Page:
Lifesigns – “Cardington”


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I don’t often join Pledge Music campaigns, although I want to more often now.  However, when I saw that Lifesigns was starting a campaign for a sophomore album, I didn’t even think about it.  I went all in for the vinyl immediately.  That seems like ages ago now, but the band has finally released the resulting album, called “Cardington”, and I am absolutely and without one single doubt floored by what this campaign has produced.

Lifesigns debuted back in 2013 with a self-titled album that has become one of my favorite band debuts ever.  That album was so melodic and so atmospheric that I still have it in my regular playlists.  The band has seen some changes since then, however.  The band now consists of John Young on keys and lead vocals, Frosty Beedle on drums, and Jon Poole on bass.  Guitars are handled by four guests, Dave Bainbridge (Iona, Strawbs, Celestial Fire), Menno Gootjes (Focus), Niko Tsonev (Steven Wilson), and Robin Boult (Fish).

I’m sure that some people would call the band’s style “neo-prog”, and they do share many traits with that subgenre.  The music is mostly led by bass and keys, making it feel lush and meaty, but there is plenty in the way of guitar accents and solos to add more layers and textures.  However, I would simply call what they do “modern progressive rock”, as their methods are more cinematic and groovier than what I normally consider neo-prog.  Indeed, the songs tells a story with flashes of synth, bassy ambient moments, and many picture perfect vocal lines.

It’s almost an impossibility how clean and clear the melodies on this album are.  The original album jumped into the pop pool to gather some catchy choruses that had me singing along, and still does, honestly.  “Cardington” may take this to a whole new level though, with every single song being a catchy delight, even catching my children’s notice already after only a couple listens.  That is not to say that this album is simple, but the album just has this inspired and ethereal quality to it.

“Cardington”, above all else, is a joy to hear.  “Joy” is definitely what I feel when I listen to it.  This is partly because of the maturity of performances that are presented.  John Young’s voice is pure and clean in a way that few other singers possess, and his lyrics are quite poetic and mature.  His keys are absolutely mind-blowing, also.  They could be the best I’ve heard all year.  Huge waves of synths wash over this whole album, whether used as an accent or as the primary melody.  The keys are one of the primary movers and shakers in each song, presenting lush soundscapes or rhythms that are categorically stunning.

Furthermore, the bass is a pure pleasure to experience.  Lifesigns has swapped the odd hairdos of the legendary Nick Beggs for the cool hats of Jon Poole.  As immensely good as Nick was on bass, Jon does not miss a beat, offering one of the best performances and also bass compositions of the year.  Every song has a grooviness to it that will grab your heart immediately, and there are plenty of inventive, big moments to be had.  In many ways, his performance is the heart and soul of this album.  Additionally, Frosty Beedle is wonderful and underappreciated on drums, I think.  He has a way with odd time signatures and excellent fills that just works so well.  He reminds me a bit of one of my favorite drummers, Nick Mason of Pink Floyd.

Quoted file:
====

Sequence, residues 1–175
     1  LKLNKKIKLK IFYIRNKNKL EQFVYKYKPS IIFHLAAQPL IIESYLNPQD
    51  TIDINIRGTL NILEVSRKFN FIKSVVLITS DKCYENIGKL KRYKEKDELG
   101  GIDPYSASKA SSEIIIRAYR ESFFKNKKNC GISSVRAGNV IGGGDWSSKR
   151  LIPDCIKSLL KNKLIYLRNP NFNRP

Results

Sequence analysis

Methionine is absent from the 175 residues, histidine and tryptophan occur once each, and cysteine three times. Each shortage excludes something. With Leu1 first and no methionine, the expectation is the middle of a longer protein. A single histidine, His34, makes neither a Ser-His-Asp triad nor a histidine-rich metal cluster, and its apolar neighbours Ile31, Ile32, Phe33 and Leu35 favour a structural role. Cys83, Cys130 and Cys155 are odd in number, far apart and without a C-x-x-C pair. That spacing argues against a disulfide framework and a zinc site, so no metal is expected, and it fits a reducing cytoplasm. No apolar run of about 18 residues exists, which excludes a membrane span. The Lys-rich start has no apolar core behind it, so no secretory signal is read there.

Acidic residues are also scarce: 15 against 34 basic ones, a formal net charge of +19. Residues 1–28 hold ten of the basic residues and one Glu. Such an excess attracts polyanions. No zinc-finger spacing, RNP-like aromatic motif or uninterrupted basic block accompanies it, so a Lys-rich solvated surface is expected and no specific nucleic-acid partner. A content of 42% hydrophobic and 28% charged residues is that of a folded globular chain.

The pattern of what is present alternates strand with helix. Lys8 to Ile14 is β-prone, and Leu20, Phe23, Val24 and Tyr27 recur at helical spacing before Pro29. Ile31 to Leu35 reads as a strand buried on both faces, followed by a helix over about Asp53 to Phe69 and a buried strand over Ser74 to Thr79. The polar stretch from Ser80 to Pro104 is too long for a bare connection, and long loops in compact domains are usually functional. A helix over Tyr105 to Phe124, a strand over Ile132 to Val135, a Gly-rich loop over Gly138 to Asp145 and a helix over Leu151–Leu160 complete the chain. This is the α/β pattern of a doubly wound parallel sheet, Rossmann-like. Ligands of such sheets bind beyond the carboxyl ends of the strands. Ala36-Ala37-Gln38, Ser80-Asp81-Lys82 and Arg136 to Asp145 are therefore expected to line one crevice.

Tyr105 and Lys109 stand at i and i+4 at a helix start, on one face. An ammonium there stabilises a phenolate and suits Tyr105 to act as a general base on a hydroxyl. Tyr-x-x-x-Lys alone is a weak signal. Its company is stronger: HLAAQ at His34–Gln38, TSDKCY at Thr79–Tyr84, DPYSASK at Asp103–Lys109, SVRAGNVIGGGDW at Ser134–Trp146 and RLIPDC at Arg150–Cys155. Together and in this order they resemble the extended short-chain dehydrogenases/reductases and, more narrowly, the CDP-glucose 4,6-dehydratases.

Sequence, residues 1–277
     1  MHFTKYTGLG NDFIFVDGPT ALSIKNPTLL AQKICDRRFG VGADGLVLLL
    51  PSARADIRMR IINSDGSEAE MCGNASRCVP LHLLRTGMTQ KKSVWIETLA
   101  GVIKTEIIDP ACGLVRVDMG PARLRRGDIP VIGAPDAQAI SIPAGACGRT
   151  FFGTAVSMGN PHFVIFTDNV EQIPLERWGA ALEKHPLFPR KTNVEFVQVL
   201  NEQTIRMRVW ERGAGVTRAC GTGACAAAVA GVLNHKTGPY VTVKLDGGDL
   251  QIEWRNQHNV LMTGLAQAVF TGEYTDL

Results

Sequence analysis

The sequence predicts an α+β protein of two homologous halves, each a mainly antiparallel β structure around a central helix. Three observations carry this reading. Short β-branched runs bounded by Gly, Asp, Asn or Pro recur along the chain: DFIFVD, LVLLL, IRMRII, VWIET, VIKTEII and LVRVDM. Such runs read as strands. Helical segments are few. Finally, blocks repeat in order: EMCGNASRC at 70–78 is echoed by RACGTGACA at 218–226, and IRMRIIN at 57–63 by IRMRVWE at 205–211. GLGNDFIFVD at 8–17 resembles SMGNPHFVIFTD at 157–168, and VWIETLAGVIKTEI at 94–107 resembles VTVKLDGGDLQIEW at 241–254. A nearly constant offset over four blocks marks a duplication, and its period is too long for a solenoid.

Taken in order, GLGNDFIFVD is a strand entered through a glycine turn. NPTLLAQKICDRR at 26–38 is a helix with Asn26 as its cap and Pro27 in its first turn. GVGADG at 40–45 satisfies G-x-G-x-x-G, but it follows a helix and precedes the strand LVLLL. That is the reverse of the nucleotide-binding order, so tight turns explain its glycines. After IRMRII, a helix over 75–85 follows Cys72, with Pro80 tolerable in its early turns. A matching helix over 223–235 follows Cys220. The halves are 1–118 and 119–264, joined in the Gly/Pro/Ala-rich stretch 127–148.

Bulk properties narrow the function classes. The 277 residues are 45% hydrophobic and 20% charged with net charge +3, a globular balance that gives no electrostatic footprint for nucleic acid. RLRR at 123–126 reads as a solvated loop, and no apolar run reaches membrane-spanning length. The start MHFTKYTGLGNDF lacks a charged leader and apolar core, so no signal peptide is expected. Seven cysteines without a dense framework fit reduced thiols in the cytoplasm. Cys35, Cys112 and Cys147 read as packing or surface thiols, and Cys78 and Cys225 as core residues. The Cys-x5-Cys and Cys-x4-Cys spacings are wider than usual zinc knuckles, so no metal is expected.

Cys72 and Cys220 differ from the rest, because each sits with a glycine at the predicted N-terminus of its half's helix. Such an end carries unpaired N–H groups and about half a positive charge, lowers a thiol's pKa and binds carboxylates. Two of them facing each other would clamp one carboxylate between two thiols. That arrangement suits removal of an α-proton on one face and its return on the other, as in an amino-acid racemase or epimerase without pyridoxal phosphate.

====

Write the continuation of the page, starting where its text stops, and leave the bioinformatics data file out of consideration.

Lastly, the guest guitarists offer a unified style, and all of the playing is noticeably awesome.  We get plenty of emotional solos, for sure, but it’s the more abstract runs and purposeful breaks that really sound amazing to me.

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Like I said, every song here is near to perfect.  “N” opens the album with a fresh sound and lots of melody. “Voices in my Head” follows with groove, great guitar breaks, and lots of atmosphere.  “Chasing Rainbows” comes next and is a stunning piece with an intensely catchy chorus and some of the best verse vocal lines I heard in some time.  Skipping to the end, the last track is the title track, and the album ends with the same fresh sound, although this time with a noticeable amount of nostalgia.  Also, I love the way it ends with what sounds like a zeppelin.

The reason I skipped to the end is this: Starting with “Different”, we are treated to a three-track spree of progressive gold.  “Different”, “Impossible”, and “Touch” are my three favorite songs on the album.  “Different” is this album’s “Fridge Full of Stars”.  What I mean is that the latter was my favorite song on the debut, and I literally cannot get enough of it.  “Different” was first released on Lifesigns’ recent live DVD (seen in the video below), and it still is my favorite song on this album.  There’s just something about the awesome bass, the cool guitars, the fantastic transitions, and the genuine lyrics that really speaks to me.  “Impossible” comes next and starts with such a golden melody that I can barely take it; absolutely soulful and amazing.  I find myself singing it all the time.  Finally, “Touch” ends this trinity of favorite songs.  It has this synth run to it that almost sounds like it is being played backwards, and it gives me chills every time I hear it.

Lifesigns has succeeded where so many other bands have failed.  They have released a sophomore album that manages to retain what I loved so much about the first album, and they have pushed the envelope even more than I expected, whether musically or in the poetic lyrics.  “Cardington” is one of the best albums of the year, and I can’t wait for my vinyl to arrive.

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